Abstract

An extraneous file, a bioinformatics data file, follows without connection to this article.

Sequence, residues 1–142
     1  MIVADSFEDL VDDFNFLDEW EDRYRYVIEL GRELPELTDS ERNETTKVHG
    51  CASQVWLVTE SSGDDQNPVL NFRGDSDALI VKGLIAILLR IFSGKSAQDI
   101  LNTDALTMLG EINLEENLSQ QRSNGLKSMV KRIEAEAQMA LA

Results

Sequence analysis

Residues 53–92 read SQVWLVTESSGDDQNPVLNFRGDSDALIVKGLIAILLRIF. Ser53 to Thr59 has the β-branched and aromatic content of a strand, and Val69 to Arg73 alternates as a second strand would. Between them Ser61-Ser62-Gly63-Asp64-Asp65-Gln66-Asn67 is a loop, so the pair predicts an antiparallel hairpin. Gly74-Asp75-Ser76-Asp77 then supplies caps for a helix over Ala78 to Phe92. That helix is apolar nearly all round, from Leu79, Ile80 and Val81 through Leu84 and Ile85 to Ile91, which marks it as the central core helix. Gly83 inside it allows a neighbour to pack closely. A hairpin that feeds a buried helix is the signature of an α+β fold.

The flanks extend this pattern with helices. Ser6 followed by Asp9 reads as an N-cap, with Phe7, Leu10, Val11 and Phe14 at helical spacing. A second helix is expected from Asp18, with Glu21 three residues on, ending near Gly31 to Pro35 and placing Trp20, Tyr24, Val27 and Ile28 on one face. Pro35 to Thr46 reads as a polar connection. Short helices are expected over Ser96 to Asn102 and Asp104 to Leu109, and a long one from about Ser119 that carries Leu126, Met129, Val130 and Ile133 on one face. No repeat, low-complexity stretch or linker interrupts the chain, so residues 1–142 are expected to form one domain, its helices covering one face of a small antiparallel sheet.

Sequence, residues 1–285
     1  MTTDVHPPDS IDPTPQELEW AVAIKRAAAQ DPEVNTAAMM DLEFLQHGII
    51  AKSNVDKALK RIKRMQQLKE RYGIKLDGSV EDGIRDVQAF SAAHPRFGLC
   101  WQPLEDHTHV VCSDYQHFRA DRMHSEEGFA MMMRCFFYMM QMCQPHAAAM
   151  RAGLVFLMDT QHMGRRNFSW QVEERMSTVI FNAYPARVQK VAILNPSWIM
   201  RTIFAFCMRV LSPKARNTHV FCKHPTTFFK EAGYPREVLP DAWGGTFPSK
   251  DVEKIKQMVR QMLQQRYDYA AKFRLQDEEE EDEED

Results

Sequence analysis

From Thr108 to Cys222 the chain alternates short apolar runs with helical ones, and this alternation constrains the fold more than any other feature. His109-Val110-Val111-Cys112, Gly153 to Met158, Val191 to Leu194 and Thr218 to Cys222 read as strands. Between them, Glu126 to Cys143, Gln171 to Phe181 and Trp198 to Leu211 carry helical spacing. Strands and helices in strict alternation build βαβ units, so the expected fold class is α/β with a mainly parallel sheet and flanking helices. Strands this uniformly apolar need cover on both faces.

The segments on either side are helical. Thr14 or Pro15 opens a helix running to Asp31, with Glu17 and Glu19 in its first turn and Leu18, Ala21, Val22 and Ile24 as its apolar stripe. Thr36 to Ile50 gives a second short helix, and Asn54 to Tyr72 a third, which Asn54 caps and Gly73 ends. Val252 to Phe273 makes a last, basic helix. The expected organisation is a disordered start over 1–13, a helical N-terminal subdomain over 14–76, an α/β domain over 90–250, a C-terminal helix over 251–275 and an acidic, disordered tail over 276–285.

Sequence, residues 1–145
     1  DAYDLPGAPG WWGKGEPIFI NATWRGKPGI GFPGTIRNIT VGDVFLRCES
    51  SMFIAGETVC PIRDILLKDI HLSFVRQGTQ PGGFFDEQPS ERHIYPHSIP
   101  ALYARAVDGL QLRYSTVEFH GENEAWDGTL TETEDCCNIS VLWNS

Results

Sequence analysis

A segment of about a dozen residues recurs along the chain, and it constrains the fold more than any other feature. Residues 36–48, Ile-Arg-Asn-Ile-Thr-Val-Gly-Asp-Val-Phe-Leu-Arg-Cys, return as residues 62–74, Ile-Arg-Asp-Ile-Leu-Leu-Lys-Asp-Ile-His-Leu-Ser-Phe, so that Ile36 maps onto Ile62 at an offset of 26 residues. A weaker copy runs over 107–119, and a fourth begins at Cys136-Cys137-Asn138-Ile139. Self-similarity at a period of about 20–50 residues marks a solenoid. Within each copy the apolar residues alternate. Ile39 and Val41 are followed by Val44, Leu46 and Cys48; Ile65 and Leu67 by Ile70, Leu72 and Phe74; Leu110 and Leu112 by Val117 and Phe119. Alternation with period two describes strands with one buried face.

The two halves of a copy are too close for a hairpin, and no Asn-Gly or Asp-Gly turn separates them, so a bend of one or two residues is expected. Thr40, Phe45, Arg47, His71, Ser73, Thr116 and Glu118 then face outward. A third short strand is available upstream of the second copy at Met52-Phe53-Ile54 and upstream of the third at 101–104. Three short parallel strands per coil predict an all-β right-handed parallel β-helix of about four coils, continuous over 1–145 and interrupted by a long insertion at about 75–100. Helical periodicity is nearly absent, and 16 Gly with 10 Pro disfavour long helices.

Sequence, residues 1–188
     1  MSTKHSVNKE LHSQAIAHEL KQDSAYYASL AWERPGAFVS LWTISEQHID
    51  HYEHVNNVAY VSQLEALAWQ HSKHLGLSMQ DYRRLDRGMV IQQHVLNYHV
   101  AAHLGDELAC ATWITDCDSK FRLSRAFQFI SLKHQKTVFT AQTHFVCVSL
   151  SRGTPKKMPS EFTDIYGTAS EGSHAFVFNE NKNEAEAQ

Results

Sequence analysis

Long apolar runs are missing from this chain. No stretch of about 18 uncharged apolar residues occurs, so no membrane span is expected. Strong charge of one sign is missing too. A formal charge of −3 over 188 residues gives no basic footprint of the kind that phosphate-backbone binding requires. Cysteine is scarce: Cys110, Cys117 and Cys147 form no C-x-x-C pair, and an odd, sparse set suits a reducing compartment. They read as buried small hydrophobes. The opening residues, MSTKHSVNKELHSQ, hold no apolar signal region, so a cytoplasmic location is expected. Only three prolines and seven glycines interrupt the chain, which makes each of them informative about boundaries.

Although imatinib is highly effective in inducing remissions in CML patients, the long-term durability of response is not clear. Here we report updated results of a clinical trial investigating the feasibility and efficacy of collection and storage of PBSC from patients in complete cytogenetic remission (CCR) on imatinib, for use in autologous transplantation in the event of subsequent relapse. PBSC were collected from 36 patients [31 CP, 5 AP (at start of imatinib); median age 45 years (range 22–70); 21 males, 15 females; median time from diagnosis 25 months (mos) (6–90); median duration of imatinib treatment 13 mos (6–41); median time from CCR 7 mos (1–26)]. Patients were administered G-CSF (10μg/kg/day), and PBSC collection initiated on day +5 with a targeted minimum of 2x106 CD34+ cells/kg. Imatinib was continued during G-CSF administration and PBSC collection. The G-CSF dose was escalated in case of poor collection. The median number of CD34+ cells (106/kg) collected was 2.56 (0.31–6.19) with a median of 3 phereses (1–13). Five patients failed to collect the target number of CD34+ cells, achieving a median of 0.87x106 CD34+ cells after a median 5 collections. Seven patients required >6 collections to reach the target cell dose. There was no significant relationship between rapid (≤3) or slow (>3) collection, or failure to collect, and clinical characteristics such as age, sex, disease stage, prior interferon, time from diagnosis, time on imatinib, and duration of CCR. PBSC collections were evaluated for BCR/ABL contamination by cytogenetics and PCR (Q-PCR and nested RT-PCR). Ph+ cells were detected on cytogenetic examination in 1 or more collections from 5 patients and Ph- abnormal clones were detected in 4 patients. Patients with Ph+ PBSC were slower collectors than those with Ph- PBSC (median 8 vs. 3 collections, p=0.04). BCR/ABL mRNA was detected by PCR in 1 or more collection from 30 of 32 patients evaluated. Two patients, both with BCR/ABL mRNA detected in pre-mobilzation marrow, collected with a single PCR negative collection. Three patients had collections with low levels of BCR/ABL mRNA detected only with more sensitive nested RT-PCR. Of 134 separate collections analyzed, BCR/ABL mRNA was detected by Q-PCR in 113 (84%), by nested RT-PCR in 11 (8%), while 10 (8%) were PCR negative. Rapid collectors had significantly lower BCR/ABL mRNA levels in their collections compared to pre-mobilization marrow (p<0.05), whereas slow collectors did not show significant change in BCR/ABL levels. CD34+ cells isolated from PBSC showed significantly increased BCR/ABL mRNA levels compared with total nucleated cells (BCR/ABL:B2M ratio of 0.0006±0.0002 for NC vs. 0.03±0.01 for CD34+ cells, p=0.002). PBSC were injected into NOD/SCID mice to evaluate for presence of BCR/ABL+ progenitors capable of in vivo engraftment. Human cell engraftment was confirmed by flow cytometry in 3 of 4 patients, and BCR/ABL mRNA was detected in engrafted cells by Q-PCR. Our results indicate that cytogenetically negative PBSC collections can be obtained from CML patients receiving imatinib, but that mobilization is relatively poor. Rapid collectors have reduced BCR/ABL+ cell contamination in PBSC collections, and PCR negative collections are possible. However, the majority of PBSC products show evidence of persistent malignant stem cells. Additional strategies to enhance reliability and rapidity of collection and further deplete BCR/ABL+ stem cells in the PBSC product need to be explored.

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